I plan to put together a downloadable package of sounds from the modular. If you’re interested in this kind of thing, let me know.

a small soundtrack

A short thing made for a little video.
It’s arranged in Ableton Live, the synth is Sonic Charge’s Synplant, and the numbers came from a Speak & Spell. “Four” and “Six” are from somewhere else, actually, but I don’t remember where.


Here’s the movie. Roscoe Riley is a book series that I illustrated. The final book, number seven, was just published a couple of weeks ago so I thought I’d commemorate the event.

Seven Roscoe Rileys from Brian Biggs on Vimeo.

pretending a modular

I’m finding that I am really interested in modular synths, especially the idea of driving them with step-sequencers. Sometimes using a traditional piano keyboard and editing midi is no fun. When I troll the user library on the Reaktor site, I download all the oddball sequencers I can find. Inspired by this terrific video of The Subliminal Kid, I thought I’d just set up something in Reaktor and record the output.
This is the Monoliner sequencer running a patch in Carbon. The drums are a simple set-up in SineBeats. I mixed them together with a little mixer and recorded it in RecorderBox. It was more than five minutes long so I edited a bit in Ableton and added a little BeatRepeat in the middle part.

I have books on deadline, but I’d spend an entire week doing this if I could.

playground soundtrack

The video is from last August, 2008. The main melody was one of my many hundreds of little unfinished 4-bar pieces of things that I have tucked in my Ableton folder. When I shot this video, I knew I needed something perky. I randomly opened a few Ableton projects and came across this one called at the time “Beep Repeat.” Yes, I name things so that months later I have zero idea what they are.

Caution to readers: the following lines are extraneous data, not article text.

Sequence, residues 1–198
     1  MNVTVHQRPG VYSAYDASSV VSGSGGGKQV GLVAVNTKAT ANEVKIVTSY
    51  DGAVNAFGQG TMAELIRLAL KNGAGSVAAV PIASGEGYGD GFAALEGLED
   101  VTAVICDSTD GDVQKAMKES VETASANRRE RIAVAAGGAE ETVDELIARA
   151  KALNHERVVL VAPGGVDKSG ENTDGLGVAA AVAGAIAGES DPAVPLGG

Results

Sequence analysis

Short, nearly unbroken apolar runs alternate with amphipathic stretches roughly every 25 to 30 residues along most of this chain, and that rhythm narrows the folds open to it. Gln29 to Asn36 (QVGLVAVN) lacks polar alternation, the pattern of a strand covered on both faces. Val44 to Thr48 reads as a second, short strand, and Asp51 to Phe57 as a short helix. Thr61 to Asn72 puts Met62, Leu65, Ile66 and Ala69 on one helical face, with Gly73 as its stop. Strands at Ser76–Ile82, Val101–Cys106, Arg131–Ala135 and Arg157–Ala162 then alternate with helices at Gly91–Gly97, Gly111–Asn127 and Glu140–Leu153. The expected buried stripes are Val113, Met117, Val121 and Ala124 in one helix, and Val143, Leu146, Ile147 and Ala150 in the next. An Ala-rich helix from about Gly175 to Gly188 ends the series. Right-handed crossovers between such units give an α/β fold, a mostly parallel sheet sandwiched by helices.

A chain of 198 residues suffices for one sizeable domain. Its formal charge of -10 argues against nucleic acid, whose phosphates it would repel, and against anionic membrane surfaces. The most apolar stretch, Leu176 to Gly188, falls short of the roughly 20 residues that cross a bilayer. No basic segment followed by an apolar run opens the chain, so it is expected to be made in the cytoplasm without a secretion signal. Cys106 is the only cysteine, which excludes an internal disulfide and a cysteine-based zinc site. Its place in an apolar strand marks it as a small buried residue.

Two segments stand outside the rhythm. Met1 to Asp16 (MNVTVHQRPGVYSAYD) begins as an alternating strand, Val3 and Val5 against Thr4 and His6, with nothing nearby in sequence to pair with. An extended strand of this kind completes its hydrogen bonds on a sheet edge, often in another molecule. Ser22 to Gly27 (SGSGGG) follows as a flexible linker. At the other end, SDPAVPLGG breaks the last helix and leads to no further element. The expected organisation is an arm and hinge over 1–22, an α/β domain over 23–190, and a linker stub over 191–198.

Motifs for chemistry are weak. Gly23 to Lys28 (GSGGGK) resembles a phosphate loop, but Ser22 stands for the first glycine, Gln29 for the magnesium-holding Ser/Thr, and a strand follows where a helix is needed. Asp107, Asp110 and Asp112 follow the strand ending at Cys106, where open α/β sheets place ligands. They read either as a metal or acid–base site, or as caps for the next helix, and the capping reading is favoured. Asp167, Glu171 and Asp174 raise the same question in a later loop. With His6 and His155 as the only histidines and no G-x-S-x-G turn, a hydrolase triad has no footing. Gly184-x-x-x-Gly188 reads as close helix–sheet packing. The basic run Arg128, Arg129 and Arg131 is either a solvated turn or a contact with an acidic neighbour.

It got elaborated upon and after messing with the timing, it fit pretty much perfectly. A friend said it sounds like busy.

three drives

I first discovered Reason back in 2003 and spent a good deal of time playing with the demo of version 2.5. I was working on an animated promo for a book I had written and illustrated that was to be shown at a French book festival in Paris. With the idea of “driving” in mind, I meant to make something that would feel like it was in motion. This song, Drive, was the result. Eventually, it got replaced as the soundtrack to that animation, and I spent a little time making different versions of it over the years.
In 2005 I made one with a more synthy beepy feel. I used Reason for this as well, this time with Matrix running Malström for the bell in the background, and Subtractor as the main synthesizer. This was used by my friend Barbara as a soundtrack to a movie she made for a graduate thesis project. It worked well for that.
Two years later, I had made a little movie following my son around a playground on our bikes and I needed a soundtrack. So once again, I repurposed “Drive.” This time, I exported the MIDI from Reason and brought it into Ableton Live, using Operator as the main synthesizer. I added drums and made it much more complicated.

Here are the three versions of “Drive,” followed by the movie that used the third version as a soundtrack.